It is steampunk because steam power is the predominant force. Really though, it's just a world without electricity. The term "steampunk" refers to an anachronistic future imaginable by early Victorians (ie. no electricity). The style is not always Victorian, but borrows from that particular age. There are "Wild West" style Steampunk works (Wild Wild West). To people of this age, steam was power, and imaginations for tomorrow were based on steam much like our own imaginations are built on electric and nuclear power sources.
Keep in mind that it is difficult to model human-mounted systems that are completely based on steam. Vehicles will always be powered by steam in a steampunk work.
Take a closer look at that clockwork gentleman's arm, there is a cylinder. The cylinder provides the power to the arm. Cylinders are powered by air (steam). It is usually obscured or hidden because steam power is typically bulky... but make no mistake, steam is incredibly common in steampunk.
What Steam Power Means in SteamPunk (The SteamPunk Paradigm):
As the comments suggest, Steam Punk does not require that everything in it is driven by steam. It is a paradigm shift. Our world is powered by tiny electronics. The steam powered world is one where the functional engineering of a device dominates its bulk and thus its design.
For this reason you see fashion borrowing from engineering much like the celebrated cars of today inspire sleek looks, the complex magnificence of a road vehicle driven by steam, huge gears, pipes, and other systems drive a dark Edwardian laboratory of style.
A woman's corset may be decorated with bronze ribbing similar to a a vehicle, a man's arm may be decorated with complex gears necessary and ubiquitous in other machinery.
It is not simply Victorian or Edwardian, it is the highly engineered extrapolations of that age IF electricity had not been.
Keep in mind that SteamPower doesn't necessarily mean that a steam engine needs to be mounted in order to utilize it. Steam engines will often be used to pump air into a canister for later use of that pressure. Air cartridges take the place of batteries, fuel or electric engines are replaced by steam engines.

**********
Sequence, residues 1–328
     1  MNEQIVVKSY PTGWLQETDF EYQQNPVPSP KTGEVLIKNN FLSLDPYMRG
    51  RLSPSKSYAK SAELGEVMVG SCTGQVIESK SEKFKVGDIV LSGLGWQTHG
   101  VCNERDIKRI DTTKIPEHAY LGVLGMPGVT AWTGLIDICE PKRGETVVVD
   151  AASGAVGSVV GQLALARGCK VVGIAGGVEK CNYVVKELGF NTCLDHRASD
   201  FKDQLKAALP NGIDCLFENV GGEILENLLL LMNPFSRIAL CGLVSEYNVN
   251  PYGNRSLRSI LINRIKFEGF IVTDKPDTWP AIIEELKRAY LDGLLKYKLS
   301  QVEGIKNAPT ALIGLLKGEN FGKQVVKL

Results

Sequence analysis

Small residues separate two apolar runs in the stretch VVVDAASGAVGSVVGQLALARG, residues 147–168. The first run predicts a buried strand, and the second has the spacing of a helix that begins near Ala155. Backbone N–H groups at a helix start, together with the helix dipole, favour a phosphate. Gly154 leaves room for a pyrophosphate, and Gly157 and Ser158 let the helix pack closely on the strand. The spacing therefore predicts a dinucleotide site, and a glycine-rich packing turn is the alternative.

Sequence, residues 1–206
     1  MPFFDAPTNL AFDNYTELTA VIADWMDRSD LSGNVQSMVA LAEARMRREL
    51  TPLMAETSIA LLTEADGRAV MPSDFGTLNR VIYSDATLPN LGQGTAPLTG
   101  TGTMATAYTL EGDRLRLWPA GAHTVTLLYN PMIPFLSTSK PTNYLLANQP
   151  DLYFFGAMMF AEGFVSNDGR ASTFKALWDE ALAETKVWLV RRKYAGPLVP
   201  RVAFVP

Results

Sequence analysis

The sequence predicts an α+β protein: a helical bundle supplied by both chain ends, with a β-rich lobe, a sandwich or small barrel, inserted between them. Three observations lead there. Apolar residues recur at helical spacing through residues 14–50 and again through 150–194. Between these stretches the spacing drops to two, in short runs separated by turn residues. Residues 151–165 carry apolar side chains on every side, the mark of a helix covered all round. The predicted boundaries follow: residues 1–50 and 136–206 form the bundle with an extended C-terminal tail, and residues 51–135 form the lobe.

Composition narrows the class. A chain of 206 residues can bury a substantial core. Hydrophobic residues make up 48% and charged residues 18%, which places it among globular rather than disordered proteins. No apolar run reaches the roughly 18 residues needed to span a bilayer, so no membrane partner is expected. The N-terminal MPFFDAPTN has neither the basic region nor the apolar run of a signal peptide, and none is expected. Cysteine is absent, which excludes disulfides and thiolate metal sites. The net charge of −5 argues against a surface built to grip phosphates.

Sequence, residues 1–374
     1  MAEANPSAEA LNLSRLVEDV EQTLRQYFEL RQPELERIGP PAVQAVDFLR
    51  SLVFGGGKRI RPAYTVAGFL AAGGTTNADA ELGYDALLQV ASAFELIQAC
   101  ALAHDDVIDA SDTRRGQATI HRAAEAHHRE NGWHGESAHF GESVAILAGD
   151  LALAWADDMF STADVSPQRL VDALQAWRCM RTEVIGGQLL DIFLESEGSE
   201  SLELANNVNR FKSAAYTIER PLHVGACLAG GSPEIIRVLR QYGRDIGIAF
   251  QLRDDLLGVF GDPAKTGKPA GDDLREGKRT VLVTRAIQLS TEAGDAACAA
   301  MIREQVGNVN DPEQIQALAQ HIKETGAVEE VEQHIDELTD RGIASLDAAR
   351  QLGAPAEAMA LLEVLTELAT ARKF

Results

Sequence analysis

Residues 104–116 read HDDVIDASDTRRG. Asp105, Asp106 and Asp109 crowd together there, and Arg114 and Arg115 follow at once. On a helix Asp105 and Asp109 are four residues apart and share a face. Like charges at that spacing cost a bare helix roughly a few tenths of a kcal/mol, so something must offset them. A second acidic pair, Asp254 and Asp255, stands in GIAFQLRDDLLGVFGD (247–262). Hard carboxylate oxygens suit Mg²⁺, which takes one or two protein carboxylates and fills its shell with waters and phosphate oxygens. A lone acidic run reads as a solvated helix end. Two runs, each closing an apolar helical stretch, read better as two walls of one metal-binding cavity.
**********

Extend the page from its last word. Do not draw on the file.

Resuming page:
This power was still generated using Steam in some way.
Clockwork "power" is driven by wound springs or falling weights. The clockwork look is typically attributed to the complex force delivery method. Saying that something is "powered by clockwork" would imply that there is some kind of wound spring, and although there are no real pipes visible in the image, the only force delivery system visible originates at the cylinder that runs on compressed air.
An other possibility is that the power of his other appendages is diverted and used to power that one arm, this is unlikely given the apparatus type.
The large number of gears is a force delivery method, and if there is some kind of wound spring somewhere, then sure, it's not steam powered, but it could certainly come from a world where steam engines exist, but electricity does not.
If the arm you see was completely clockwork, the power must come from some kind of wound spring. This jives just fine with steampunk as it does not involve electricity. Having said that, I'm not sure why there are so many wires involves in that particular outfit, likely to look cool.
Check out these images:
Steam powered gyro-bike fleeing a steam powered tank (large vehicle) of some kind.
Steam Powered Jetpack Knights
Steam Powered electric guitar
Abraham Lincoln with Steam Power Gauntlets
You will notice pipes of some kind in all of them, intended for air pressure operations.
The theme is that electricity has not been invented but technology grew on without it, so everything is made to look Edwardian, which roughly correlates with the steam age.
Steamboy is an excellent SteamPunk movie, and most of it is about people trying to make a small "steam reactor" or "steam battery" that basically has tons of air pressure in a small ball. The end credits eventually show one of the characters holding a lightbulb, signifying the end of the steam age.